Your words are powerful. Speak with caution.

- Erika Jordan, love coach, NLP

RELATED: Science Says Women With Specific Facial Features Are The Most Beautiful

2. Forgetting to make a smile your default facial expression

Not smiling is a way to diminish your attractiveness. I have heard in my practice that some people pride themselves in having "RBF," resting b***h face or duck face.

Usually, when I ask about the concept, the motivating factor is fear, social anxiety, or low self-esteem, and having a frown or pout is known to push people away, intimidate or create a way of being unapproachable.

People will choose to smile once they get to know someone. Choosing to smile most days every day is an easier more effective approach and is proven to improve your attractiveness.

People are drawn to a smile and positive energy. Smiling releases a chemistry in our brain that makes us happier, more approachable, and more attractive.

Seeing a smiling face in a sometimes angry and sad environment is a breath of fresh air.

Smile today and you will be pleased with the response from the people that you attract.

- Dr. Susan Pazak, clinical psychologist and life-change expert

RELATED: 4 Bad Micro-Habits That Drain Your Cognitive Battery

3. Failing to account for inevitable changes that come with the passage of time

There are two kinds of attraction, and the answer to the question depends on which of the two we're talking about.

First, there is the attraction that is most often referred to as chemistry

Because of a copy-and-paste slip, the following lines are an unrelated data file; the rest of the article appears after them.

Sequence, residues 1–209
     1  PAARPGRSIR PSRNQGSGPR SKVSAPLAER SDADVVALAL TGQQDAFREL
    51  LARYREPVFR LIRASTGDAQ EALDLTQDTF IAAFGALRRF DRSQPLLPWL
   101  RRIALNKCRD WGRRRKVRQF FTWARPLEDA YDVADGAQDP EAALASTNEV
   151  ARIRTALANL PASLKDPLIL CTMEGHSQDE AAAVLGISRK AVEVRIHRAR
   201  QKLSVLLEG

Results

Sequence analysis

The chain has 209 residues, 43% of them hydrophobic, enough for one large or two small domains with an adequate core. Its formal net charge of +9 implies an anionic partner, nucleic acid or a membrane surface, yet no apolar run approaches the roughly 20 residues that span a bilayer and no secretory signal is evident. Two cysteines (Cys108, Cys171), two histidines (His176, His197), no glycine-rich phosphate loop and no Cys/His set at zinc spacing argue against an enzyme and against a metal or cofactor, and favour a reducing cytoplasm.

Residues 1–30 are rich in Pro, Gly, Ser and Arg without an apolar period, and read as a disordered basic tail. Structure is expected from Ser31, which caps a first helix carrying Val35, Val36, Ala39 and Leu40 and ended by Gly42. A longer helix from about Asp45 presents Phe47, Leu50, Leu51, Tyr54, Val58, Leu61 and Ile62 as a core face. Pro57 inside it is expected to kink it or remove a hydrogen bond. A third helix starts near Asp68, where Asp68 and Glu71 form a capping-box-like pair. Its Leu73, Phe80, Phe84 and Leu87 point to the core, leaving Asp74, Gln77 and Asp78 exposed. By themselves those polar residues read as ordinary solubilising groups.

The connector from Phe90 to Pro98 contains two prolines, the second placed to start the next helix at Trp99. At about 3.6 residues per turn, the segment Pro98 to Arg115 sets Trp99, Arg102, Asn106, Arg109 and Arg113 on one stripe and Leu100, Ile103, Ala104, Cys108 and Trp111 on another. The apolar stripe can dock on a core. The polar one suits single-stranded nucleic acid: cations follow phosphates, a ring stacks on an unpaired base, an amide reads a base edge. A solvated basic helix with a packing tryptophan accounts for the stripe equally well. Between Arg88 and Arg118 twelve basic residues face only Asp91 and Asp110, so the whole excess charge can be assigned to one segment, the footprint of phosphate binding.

Chemistry is literally a chemical high that corrals six hormones and neurotransmitters in such a way that you are totally convinced you must pursue or allow yourself to be pursued by a person. 

When you are hyped up on this chemical concoction of charisma, there is one very specific thing that immediately breaks the trance. That is pain, either physical or emotional, as both kinds of pain fire off another neurotransmitter that puts all the others on hold.  

In other words, if you’re doped up on chemistry and break your wrist in a fall, the pain-related brain chemicals will release you from your obsessions.

A painful emotional upset will do the same thing. This is one of the reasons why research has told us that chemistry only lasts two years.

More accurately, for many, two years of challenges in a relationship is plenty of emotional pain to douse out chemistry.

The other kind of attraction has to do with alignments — values, communication styles, likes, desires, attitudes, and of course, body types.

This person feels like a great fit and their behavior proves it until it doesn’t.

Problems arise through small habits like becoming less attentive, poor hygiene, inconsistent behaviors like huge gaps in returning calls or messages, and priorities suddenly changing with no indication of why.

And the biggest downer is anytime a person assumes they know what you need, want, or desire — but turns out to be wrong — the attraction is likely to burn out.

- Larry Michel, the Love Shepherd, and founder of the Institute of Genetic Energetics

RELATED: What Men Find Most Attractive About A Woman's Face

Carter Gaddis is the senior editor for experts and wellness with YourTango.